Normally we start on the package and contents, however the board we were sent didn't come in its retail box and was just plastered with shipping labels so unfortunately we were unable to comment about it. As such, we have decided to skip this part and go straight on to the board.
Being the budget oriented hope for NVIDIA, the board is a microATX layout with a few design no-no's. The 24-pin power connector gets placed between the CPU socket and the rear I/O ports, making you route the power cable either around if you have enough cable length or over the CPU heatsink itself, this reducing air flow in what is usually already a small and restrictive case. The 4-pin power cable is in a sensible spot in the top left corner behind the PS/2 ports. The single IDE port controlled by the 630a southbridge is located behind the four memory ports at the top right of the board.
The CPU area for a budget board is extremely clean. 3 phase power is used to supply the CPU with enough juice to handle any of the AMD Athlon 64 AM2 range of CPUs, but is it enough to overclock? We'll find that out shortly. The capacitors on this board are of the old electrolyte design and older coil voltage regulators are used rather than solid state as we are now getting spoilt by.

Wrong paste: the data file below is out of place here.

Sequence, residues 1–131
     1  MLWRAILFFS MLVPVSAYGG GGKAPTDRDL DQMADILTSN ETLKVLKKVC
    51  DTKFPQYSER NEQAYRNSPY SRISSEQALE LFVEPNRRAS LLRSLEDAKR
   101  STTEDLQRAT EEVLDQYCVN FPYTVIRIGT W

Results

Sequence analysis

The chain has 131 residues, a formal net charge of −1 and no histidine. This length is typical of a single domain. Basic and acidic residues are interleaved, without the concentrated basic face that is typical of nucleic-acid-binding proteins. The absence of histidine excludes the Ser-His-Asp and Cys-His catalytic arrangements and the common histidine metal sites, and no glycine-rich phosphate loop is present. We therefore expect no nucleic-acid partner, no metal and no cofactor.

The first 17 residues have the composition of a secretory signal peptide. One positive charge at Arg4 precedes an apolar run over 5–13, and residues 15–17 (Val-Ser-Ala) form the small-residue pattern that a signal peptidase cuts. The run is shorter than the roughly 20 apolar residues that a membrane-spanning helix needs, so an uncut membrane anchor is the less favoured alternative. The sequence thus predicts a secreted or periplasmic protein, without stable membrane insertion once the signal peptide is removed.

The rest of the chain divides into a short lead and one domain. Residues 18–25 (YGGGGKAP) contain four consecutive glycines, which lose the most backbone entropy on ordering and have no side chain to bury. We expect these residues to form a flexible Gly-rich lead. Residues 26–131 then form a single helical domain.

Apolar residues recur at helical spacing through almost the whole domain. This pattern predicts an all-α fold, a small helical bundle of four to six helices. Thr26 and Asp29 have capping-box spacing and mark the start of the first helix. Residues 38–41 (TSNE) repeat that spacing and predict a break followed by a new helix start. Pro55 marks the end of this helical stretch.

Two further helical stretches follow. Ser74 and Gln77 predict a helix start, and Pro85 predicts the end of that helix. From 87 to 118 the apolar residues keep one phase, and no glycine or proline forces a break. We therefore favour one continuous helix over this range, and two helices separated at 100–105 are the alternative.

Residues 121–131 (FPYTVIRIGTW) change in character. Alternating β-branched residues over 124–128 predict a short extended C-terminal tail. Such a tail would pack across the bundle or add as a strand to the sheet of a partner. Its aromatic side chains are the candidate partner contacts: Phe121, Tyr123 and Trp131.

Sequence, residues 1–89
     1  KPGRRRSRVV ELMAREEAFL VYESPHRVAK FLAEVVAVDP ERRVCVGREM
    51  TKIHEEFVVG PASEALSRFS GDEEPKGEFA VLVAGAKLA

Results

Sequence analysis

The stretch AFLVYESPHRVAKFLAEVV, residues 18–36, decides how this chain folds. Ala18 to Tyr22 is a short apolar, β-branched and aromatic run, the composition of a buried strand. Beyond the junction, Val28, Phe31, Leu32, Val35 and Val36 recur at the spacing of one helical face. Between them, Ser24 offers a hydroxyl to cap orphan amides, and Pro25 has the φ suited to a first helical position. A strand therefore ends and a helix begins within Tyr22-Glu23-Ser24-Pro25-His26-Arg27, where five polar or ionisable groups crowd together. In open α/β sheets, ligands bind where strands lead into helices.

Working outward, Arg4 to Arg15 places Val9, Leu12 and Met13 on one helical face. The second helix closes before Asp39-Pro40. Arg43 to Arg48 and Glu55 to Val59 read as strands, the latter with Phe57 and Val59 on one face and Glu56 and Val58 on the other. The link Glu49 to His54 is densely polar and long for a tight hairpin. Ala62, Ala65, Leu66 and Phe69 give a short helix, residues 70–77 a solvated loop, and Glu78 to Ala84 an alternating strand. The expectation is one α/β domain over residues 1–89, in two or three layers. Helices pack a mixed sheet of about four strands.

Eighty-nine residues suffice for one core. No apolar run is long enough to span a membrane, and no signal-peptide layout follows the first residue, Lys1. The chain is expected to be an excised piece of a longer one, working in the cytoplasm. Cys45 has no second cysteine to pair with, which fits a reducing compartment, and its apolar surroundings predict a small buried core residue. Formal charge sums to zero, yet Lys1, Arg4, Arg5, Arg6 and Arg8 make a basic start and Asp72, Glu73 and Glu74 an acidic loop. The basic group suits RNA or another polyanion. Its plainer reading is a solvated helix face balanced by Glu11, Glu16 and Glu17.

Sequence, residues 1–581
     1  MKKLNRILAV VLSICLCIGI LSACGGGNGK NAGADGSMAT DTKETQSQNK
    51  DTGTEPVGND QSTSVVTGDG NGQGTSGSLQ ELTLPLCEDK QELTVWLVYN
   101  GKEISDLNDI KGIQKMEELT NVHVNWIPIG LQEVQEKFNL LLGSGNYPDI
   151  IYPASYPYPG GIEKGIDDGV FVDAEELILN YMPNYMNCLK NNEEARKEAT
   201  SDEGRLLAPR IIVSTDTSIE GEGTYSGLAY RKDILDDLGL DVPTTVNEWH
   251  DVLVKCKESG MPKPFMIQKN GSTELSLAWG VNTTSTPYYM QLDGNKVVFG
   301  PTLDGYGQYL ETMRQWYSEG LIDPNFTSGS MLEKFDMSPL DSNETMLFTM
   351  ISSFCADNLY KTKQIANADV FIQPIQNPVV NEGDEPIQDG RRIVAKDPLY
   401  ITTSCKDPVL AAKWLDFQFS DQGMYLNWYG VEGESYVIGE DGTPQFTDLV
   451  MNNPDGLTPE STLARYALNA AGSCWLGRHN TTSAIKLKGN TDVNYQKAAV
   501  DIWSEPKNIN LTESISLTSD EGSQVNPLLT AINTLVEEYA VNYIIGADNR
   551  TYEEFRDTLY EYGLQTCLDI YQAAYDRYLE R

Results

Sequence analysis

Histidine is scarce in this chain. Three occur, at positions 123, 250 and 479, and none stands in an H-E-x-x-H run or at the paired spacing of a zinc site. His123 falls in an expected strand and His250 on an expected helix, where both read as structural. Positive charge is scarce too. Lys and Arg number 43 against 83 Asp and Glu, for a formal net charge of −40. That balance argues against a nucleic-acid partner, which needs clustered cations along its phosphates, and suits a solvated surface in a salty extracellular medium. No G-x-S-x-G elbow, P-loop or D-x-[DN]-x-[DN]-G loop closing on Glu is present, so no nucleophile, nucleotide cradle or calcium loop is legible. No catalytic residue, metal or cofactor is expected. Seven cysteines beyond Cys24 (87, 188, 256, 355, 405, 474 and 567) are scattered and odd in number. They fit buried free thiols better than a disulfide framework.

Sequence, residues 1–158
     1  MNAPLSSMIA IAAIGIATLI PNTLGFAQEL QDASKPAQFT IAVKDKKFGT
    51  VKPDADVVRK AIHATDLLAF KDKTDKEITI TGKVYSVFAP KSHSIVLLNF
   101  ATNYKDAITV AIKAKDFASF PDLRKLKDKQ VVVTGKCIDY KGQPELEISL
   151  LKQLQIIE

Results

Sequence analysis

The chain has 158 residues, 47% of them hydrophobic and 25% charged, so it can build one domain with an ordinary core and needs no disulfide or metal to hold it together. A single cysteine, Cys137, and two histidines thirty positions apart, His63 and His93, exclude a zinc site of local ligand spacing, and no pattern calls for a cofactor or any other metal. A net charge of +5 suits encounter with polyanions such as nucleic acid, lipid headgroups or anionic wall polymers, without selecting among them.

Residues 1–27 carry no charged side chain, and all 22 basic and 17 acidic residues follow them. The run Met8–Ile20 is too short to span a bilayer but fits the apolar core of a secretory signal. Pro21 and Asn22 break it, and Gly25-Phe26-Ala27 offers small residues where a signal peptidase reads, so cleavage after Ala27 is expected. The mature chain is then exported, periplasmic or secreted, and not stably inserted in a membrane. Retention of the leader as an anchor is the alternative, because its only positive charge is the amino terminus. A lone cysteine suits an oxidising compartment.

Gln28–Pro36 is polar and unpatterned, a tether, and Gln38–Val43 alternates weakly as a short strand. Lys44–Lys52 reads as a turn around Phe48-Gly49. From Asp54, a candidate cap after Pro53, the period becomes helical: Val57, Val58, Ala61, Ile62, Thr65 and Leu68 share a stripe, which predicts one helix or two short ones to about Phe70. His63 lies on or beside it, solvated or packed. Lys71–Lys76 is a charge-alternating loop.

The rear I/O ports are nothing special apart from the inclusion of a DVI port which gives you the option for connecting your LCD through the DVI port. The GeForce 7050 chipset which powers this board is capable of HDMI output which we would have liked to have seen included. If it's supported, why leave it out? AMD 690G has already seen HDMI onboard.
We now come down to the expansion slots. If you're not into using the onboard graphics system that the GeForce 7050 provides, or you want to upgrade later on you have that option thanks to a single PCI Express x16 slot for graphics cards. Keeping with PCI Express the board has a single PCI Express x1 slot at the bottom of the board and two PCI slots between it and the PCI Express x16 slot.